Phytophthora infestans causes ‘late blight’ in potatoes. In regions of potato cultivation with a temperate climate, like Belgium, this is the single most dangerous disease. The disease costs farmers in Belgium about 55 million euros annually, and controlling it causes significant environmental pressure. However, in the last few years a number of resistant varieties based on conventional plant breeding techniques were introduced to the market, and work is being done on developing genetically modified Phytophthora-resistant lines.
These GM plant are environmentally much more friendly than some existing methods of treating fungus attack on plants such as the commonly used toxic copper sulphate.
But the GM potatoes will not be used if the anti-GM fanatics have their way.
A research field trial of these blight-resistant potatoes has just been destroyed in Belgium.
29 May 2011
Expatia report that environmental activists stormed a field of genetically modified potatoes in Belgium Sunday, breaking through a security cordon in a raid that left police and protesters injured, authorities and organisers said.
They state that police briefly detained around 40 people taking part in the “Field Liberation Movement”, which aimed to destroy the research crop in the northwestern town of Wetteren, according to Belga news agency.
Around 10 officers were slightly injured, according to police, while organisers said eight on their side were manhandled.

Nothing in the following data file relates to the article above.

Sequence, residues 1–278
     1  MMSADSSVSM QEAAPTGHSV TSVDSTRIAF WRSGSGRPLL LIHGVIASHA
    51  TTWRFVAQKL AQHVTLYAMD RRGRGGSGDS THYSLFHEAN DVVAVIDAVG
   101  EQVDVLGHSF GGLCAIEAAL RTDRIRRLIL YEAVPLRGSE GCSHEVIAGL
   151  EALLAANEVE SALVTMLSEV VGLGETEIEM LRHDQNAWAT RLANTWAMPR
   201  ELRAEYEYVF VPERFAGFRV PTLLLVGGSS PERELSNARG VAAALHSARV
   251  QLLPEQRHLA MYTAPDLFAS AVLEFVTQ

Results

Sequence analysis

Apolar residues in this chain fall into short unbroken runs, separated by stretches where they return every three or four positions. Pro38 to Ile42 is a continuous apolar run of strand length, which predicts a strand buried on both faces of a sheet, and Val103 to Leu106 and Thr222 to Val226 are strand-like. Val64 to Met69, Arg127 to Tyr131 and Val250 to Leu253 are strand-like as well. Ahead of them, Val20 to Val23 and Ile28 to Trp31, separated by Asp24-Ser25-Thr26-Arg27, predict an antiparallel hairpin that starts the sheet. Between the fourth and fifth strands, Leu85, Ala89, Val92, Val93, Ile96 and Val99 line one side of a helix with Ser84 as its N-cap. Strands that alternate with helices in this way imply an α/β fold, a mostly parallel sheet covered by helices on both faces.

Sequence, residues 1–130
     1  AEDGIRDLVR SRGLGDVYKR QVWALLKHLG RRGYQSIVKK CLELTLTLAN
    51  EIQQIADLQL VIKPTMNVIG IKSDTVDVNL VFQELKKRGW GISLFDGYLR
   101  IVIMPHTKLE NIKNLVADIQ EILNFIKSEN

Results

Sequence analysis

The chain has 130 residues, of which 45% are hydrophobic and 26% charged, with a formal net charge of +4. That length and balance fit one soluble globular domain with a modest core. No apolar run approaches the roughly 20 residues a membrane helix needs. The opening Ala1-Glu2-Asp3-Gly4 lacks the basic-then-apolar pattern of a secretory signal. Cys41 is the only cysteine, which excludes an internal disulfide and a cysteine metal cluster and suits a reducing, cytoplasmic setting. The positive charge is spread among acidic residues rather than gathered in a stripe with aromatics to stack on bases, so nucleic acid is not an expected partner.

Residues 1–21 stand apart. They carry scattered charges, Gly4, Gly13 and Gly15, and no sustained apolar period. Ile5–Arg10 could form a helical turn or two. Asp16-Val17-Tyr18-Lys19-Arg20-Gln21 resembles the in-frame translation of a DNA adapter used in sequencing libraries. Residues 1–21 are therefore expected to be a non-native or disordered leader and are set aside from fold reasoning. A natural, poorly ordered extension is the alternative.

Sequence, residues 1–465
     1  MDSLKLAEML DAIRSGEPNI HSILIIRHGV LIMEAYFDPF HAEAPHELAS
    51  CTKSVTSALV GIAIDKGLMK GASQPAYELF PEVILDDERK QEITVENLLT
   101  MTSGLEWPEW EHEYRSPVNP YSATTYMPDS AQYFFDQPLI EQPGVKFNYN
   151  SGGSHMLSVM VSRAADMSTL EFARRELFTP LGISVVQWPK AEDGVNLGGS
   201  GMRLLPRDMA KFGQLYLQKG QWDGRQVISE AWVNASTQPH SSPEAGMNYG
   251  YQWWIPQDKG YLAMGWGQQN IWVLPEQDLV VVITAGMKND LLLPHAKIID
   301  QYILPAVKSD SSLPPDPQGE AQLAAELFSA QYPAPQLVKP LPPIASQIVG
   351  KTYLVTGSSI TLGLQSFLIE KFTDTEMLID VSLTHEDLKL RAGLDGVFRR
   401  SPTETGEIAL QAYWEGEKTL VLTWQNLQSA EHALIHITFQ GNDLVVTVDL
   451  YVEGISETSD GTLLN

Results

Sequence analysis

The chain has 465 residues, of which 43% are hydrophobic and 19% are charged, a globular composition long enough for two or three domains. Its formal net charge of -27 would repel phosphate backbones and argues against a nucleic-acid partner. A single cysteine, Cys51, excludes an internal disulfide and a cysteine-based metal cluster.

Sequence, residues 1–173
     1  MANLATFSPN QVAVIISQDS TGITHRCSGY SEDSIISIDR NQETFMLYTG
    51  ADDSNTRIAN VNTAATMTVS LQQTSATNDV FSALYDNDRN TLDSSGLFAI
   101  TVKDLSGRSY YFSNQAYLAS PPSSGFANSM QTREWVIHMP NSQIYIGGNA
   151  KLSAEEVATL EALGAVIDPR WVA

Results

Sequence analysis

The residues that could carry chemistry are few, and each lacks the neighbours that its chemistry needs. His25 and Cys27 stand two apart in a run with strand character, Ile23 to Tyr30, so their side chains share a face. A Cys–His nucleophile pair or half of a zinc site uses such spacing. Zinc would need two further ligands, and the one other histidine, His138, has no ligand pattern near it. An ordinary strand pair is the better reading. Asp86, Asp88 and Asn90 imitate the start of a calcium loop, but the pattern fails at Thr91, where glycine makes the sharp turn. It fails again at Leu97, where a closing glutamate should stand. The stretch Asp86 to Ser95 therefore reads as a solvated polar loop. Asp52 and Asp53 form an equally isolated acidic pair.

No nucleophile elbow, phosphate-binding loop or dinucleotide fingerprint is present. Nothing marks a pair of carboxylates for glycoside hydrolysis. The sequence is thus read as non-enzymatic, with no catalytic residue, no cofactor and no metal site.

Expatia report that more than 200 people took part in the protest but only a few managed to sneak through fences and a police line protecting the field, said Franciska Soler, of the Volunteer Reapers of France which participated in the event.
“A certain number of potato plants were destroyed,” activist Soler told AFP.
- Talking to activists about the science didn’t work.
Jo Bury, the director of the VIB science research institute that planted the potatoes, said around 100 scientists had tried to talk the actists out of vandalism.
“We are deeply shocked about the violent actions by the activists of the Field Liberation Movement. The field trial with blight resistant potatoes was almost entirely destroyed. Our hearts are with the scientists whose hard work was destroyed today.”
“Althought his is a dark day for science as a whole, we want to thank all 350 scientists and farmers who came out and supported Save Our Science. It was a strong message to the world that we believe that science has an important role to play in the development of environmental friendly agriculture” Geert Angenon, Vrije Universiteit Brussel, Geert De Jaeger, UGent, Rony Swennen, K.U.Leuven, Jeroen Crappé.
- Information about the field trial: